The Tate Britain is to recreate that William Blake’s first and only exhibition – exactly 200 years after it was staged in 1809 – and will bring together at least nine of the surviving 11 works from the 16 in the original show. It will also republish Blake’s Descriptive Catalogue, now regarded as a fascinating and significant commentary on the London artworld of his day. The 1809 exhibition, held in his brother’s Soho hosiery shop in Golden Square, Soho, proved a turning point in the artist’s career. The paintings, according to the only critic who bothered to review the show, were wretched and the artist suffered from “the wild effusions of a distempered brain”. Embittered by its appalling reception, he withdrew even more from the art world into solitary eccentricity.
Most Blake exhibitions have always tended to focus on the illuminated books. But this exhibition shows us Blake as he wanted to be seen. The image Blake wanted to project in that 1809 exhibition was of an ambitious public painter of historical and religious subjects, who yearned to sweep away what he regarded as a venal and corrupt art world – rather than of the quintessential outsider, as he is thought of now.
Blake was a Christian who sought to bring out the religion’s repressed prophetic side. This meant sympathising with revolutionary politics, even when such thought was atheist. Above all it meant rejecting all forms of institutional church. This is the real heart of Blake’s radicalism: the insistence that Christianity is meant to be free of institutional control.
The message throughout his work is that the true religious vision is inimical to the established church, to all organised religion and all orthodoxy. He announced a new era of direct communion with God. The notion of a divine principle in everyone was the basis of his concept of Imagination. This higher form of perception was by means of art, not science. The core belief was that Christianity was the true religion of humanity, of world-affirmation and of freedom. He saw Christianity as a religion of liberty and utopian love. He sometimes seems to advocate free love, the abolition of all moral constraints.
Blake’s father was an industrious London tradesman, who sent him to drawing school when he was ten and apprenticed him to James Basire, a well-known engraver, five years later. Blake was to remain an engraver for the rest of his life, subsidising his experimental work with his commercial income. Engravers were viewed as skilled workers rather than artists and, for a long time, could not be members of the Royal Academy because that was, according to its documents, “incompatible with justice and a due regard to the dignity of the Royal Academy”. When Blake was finally admitted, he called them “a pack of Idle Sycophants”. He reserved particular venom for Joshua Reynolds, the first president of the Academy, saying, “This man has been hired to depress Art”. He saw the Academy’s training system, based on the copying of classical statues and paintings, as suppressing imagination. He felt the whole system was tied up with patronage and “where any view of Money exists Art cannot be carried on, but war only”.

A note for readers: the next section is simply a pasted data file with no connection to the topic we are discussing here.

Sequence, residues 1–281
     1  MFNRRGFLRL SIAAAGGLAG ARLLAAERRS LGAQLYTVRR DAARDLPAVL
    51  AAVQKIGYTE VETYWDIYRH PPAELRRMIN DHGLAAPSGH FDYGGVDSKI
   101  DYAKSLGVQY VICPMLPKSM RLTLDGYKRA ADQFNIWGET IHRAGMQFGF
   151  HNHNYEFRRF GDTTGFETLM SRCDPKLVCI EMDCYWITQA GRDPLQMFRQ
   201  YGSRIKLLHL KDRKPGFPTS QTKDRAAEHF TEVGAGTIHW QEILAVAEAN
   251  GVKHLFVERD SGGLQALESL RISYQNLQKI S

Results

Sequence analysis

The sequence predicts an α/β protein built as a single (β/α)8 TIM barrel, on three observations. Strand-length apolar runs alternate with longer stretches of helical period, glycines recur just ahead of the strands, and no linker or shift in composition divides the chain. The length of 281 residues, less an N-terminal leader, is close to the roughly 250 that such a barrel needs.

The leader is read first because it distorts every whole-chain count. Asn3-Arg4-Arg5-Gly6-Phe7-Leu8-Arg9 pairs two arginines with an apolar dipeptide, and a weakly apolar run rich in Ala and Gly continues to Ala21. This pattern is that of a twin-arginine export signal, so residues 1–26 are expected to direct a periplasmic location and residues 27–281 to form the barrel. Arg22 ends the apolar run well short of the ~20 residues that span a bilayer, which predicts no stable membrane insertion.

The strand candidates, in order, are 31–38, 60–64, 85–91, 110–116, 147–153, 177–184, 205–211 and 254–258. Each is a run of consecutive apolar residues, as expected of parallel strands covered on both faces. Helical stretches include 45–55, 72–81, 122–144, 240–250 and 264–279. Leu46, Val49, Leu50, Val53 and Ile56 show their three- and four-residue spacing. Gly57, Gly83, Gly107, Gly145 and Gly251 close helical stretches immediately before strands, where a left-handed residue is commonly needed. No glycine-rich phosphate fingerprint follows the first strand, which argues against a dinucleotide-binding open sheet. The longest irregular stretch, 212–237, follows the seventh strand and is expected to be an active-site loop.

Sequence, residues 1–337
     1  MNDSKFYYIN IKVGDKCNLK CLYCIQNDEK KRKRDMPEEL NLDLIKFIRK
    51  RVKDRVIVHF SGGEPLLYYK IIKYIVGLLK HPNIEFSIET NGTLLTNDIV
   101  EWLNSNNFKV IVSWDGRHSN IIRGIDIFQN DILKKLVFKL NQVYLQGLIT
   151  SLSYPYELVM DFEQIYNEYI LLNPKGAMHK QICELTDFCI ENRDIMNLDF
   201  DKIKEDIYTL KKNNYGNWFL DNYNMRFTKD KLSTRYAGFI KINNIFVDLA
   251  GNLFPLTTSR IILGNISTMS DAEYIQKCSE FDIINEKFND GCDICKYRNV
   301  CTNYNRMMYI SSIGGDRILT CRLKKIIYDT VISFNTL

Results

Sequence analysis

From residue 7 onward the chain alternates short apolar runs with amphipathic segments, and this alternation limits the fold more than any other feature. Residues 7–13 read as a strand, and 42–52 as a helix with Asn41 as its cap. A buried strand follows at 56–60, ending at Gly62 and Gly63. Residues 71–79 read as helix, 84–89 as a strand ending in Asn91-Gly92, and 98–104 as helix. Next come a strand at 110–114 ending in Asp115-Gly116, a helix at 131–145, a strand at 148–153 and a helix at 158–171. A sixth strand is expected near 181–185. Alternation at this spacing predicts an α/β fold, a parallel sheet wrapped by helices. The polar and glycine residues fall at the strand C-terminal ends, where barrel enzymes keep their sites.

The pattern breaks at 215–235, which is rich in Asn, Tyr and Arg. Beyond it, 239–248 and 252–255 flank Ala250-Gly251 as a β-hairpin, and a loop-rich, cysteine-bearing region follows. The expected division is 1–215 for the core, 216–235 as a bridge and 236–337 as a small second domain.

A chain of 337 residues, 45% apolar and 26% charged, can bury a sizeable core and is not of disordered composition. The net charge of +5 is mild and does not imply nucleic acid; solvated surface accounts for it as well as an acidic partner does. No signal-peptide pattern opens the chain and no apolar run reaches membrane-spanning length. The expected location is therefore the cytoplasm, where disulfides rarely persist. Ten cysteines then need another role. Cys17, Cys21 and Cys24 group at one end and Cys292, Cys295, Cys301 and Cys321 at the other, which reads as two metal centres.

Blake died on August 12, 1827, and was buried in an unmarked grave in the dissenters’ graveyard at Bunhill Fields, East London. In the years that followed his death only a handful of friends, pupils and followers kept his memory alive. When the Pre-Raphaelite movement came to prominence Blake became fashionable.
The consequence was the creation of a Blake cult and the uprising of a number of ardent collectors of his books, his engravings, and such of his rare drawings and pictures as happened to come into the market; exhibitions were held at the Burlington Fine Arts Club, at Boston, and elsewhere; several editions of his poems were published, and books were ‘written about his mystical art in. England and in Germany.
According to Gilchrist, his biographer, Blake was well versed in the doctrines of the Gnostics, and his own personal mythology contains many points of cohesion with several Gnostic myth themes (for example, the Blakean figure of Urizen bears many resemblances to the Gnostic Demiurge). However, efforts to dub Blake a “Gnostic” have been complicated by the complex nature and colossal extent of Blake’s own mythology, and the variety of myths and themes that are referred to as “Gnostic”; thus, the exact relationship between Blake and the Gnostics remains a point of scholarly contention, though a comparison of the two often reveals intriguing points of correspondence.
To Blake indeed the facts were nothing, except as ground-works for his famous “Visions”, which he regarded it as his duty and privilege to translate into line and colour for the enlightenment of the world.